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Women poised to constitute 50% of ICT workers in 10-15 years — int@j

By Mohammad Ghazal - Feb 26,2015 - Last updated at Feb 26,2015

AMMAN — Although women’s economic participation in most sectors in Jordan is 16 per cent or less, their involvement in the ICT sector is nearly double that figure, the ICT Association of Jordan (int@j) said Thursday.

Some 30 per cent of workers in the ICT sector in the Kingdom are women. In addition, some 30-35 per cent of start-ups in the ICT sector are founded and headed by women, according to int@j.

“With continued development of women’s skills and more empowerment, the percentage of women working in the ICT sector is expected to reach 50 per cent in the next 10-15 years,” int@j Chairman Jawad Abbassi told The Jordan Times.

“There certainly is a need for continued empowerment for women in the ICT sector,” he said.

“It does not matter if some jobs are technical ... the majority of those studying ICT majors in Jordan are women and — from experience — women in the field tend to be more talented,” Abbassi noted.

According to int@j, total direct jobs in the field reached 11,637 at the end of 2013.

Foreign direct investment registered in the sector in 2013 reached $2.4 million compared to $4.1 million in 2012. 

An Ericsson executive agreed with Abbassi, stressing that women ICT graduates in Jordan should constantly develop their capabilities and skills to compete and keep up with the pace of a fast-moving sector.

“First those female graduate students must realise the role that they can play in the ICT sector under the fast evolution that we are witnessing,” Rafiah Ibrahim, Ericsson’s head of region Middle East, told The Jordan Times.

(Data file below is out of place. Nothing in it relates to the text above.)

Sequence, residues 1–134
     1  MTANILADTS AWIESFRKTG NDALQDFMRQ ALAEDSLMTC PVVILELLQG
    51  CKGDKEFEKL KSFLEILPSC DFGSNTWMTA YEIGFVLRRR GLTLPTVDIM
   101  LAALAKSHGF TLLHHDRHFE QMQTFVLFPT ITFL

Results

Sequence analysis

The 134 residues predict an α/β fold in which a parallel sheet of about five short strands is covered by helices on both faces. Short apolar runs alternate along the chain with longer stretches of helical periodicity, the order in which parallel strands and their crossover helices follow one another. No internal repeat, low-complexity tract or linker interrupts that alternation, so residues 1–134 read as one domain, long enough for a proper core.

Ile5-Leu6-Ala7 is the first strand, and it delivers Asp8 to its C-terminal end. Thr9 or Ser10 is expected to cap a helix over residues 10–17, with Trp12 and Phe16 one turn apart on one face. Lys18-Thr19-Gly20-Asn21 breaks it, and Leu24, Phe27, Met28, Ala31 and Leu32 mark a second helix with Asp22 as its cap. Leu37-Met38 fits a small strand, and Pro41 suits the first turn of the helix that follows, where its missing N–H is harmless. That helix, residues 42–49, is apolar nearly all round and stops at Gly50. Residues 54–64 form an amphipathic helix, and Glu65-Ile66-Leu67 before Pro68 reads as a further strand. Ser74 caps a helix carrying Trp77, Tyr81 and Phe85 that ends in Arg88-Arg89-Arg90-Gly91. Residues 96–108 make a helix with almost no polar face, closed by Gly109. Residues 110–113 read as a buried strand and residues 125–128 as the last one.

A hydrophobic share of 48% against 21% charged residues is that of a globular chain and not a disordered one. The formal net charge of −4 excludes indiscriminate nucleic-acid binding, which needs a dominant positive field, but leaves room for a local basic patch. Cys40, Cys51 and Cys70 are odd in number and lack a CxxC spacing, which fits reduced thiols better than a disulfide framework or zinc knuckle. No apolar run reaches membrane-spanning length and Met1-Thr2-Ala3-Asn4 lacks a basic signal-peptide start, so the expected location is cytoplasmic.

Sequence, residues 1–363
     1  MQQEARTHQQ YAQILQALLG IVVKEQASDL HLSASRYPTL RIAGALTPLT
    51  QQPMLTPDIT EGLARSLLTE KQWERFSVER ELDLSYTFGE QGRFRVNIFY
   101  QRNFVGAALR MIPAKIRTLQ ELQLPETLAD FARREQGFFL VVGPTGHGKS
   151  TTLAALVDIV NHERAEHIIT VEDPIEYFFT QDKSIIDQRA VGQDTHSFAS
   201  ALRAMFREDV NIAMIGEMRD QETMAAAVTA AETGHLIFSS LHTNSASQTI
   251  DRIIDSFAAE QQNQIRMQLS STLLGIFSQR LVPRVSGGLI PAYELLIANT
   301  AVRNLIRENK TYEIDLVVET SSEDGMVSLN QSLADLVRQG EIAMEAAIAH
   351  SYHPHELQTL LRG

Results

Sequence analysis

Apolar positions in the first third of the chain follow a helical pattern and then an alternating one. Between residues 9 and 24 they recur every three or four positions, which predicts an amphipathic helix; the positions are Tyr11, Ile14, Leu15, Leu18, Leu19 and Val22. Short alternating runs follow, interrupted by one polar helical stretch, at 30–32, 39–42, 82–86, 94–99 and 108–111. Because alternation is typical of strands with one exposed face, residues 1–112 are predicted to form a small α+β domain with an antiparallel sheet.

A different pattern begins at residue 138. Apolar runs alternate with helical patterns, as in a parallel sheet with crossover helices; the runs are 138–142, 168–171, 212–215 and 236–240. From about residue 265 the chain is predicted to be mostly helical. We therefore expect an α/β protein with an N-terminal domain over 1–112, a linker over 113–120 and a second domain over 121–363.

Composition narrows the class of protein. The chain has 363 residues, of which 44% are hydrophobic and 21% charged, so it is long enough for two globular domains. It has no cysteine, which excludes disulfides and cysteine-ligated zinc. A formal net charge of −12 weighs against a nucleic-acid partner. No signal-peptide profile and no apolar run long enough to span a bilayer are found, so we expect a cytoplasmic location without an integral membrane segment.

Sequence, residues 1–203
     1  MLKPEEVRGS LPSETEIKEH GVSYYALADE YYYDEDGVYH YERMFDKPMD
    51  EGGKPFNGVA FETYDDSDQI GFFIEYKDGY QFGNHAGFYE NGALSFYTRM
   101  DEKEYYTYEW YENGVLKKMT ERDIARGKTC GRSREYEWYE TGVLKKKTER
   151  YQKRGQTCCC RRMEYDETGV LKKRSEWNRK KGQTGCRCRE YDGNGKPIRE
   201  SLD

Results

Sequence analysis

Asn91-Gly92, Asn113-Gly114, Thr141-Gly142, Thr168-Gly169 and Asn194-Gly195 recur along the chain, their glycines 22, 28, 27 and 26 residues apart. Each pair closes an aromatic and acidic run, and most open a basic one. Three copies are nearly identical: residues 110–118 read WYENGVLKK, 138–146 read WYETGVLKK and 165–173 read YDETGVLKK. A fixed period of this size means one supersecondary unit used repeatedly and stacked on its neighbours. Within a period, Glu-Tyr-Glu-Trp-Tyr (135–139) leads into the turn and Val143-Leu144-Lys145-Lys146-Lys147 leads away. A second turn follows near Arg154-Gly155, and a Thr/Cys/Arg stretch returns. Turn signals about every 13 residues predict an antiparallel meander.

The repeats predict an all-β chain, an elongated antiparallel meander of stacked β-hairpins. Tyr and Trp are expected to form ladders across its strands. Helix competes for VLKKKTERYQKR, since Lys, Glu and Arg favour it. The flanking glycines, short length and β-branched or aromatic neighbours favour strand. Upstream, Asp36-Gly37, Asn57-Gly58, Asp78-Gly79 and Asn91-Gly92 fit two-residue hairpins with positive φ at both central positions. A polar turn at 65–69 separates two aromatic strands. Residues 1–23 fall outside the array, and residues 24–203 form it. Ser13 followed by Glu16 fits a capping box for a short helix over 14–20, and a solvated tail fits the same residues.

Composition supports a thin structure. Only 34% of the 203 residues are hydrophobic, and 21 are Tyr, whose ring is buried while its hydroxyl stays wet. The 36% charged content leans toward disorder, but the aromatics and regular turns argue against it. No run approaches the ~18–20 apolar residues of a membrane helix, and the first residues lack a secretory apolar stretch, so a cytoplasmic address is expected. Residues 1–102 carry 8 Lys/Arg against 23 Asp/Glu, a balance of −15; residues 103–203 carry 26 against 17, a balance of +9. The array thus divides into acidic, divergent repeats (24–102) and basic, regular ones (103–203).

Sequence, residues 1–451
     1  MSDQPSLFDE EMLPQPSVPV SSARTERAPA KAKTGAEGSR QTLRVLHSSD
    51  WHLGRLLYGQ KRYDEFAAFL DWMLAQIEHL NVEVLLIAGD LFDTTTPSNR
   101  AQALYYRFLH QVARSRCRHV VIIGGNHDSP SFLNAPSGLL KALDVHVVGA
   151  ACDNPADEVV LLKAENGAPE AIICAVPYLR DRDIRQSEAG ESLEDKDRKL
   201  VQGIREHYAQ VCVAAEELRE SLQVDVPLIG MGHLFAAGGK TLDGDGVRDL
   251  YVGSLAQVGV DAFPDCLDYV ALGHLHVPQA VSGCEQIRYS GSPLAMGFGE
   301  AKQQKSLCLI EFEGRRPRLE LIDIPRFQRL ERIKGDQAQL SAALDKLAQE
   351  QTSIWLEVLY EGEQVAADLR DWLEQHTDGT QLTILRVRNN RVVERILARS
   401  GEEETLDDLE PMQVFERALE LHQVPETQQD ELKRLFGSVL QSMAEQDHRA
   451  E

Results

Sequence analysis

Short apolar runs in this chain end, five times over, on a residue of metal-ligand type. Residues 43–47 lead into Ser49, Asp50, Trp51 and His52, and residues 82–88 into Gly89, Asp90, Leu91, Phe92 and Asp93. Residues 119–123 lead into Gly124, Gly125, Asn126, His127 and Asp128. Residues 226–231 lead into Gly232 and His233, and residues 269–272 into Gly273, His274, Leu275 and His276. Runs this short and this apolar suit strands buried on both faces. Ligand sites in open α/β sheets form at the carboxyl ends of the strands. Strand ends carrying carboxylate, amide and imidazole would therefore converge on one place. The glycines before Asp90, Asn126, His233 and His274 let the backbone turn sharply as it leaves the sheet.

“In the ICT industry, your gender doesn’t matter; what matters are your capabilities and the degree of responsibility you can handle,” Ibrahim said.

Stressing that the potential remains huge for women in the sector, she noted that several prominent women have been heading the ICT sphere around the world.

“Women absolutely have their place in the ICT industry,” Ibrahim added, stressing the need for more efforts and programmes to encourage them to join the sector, which contributes some 14 per cent to Jordan’s gross domestic product, according to official figures.

“By empowering girls today, we are empowering tomorrow’s generations to come,” the Ericsson executive added, noting that ICT enables women to play an active role in “development, support and dissemination networks”.

Empowerment enables women to take their place in the public space of the information society, creating resources and contributing ideas and opinions, Ibrahim noted.

She said Ericsson has launched several initiatives to empower women in the ICT field, including “Connect To Learn”, an initiative of Columbia University’s Earth Institute and Millennium Promise.

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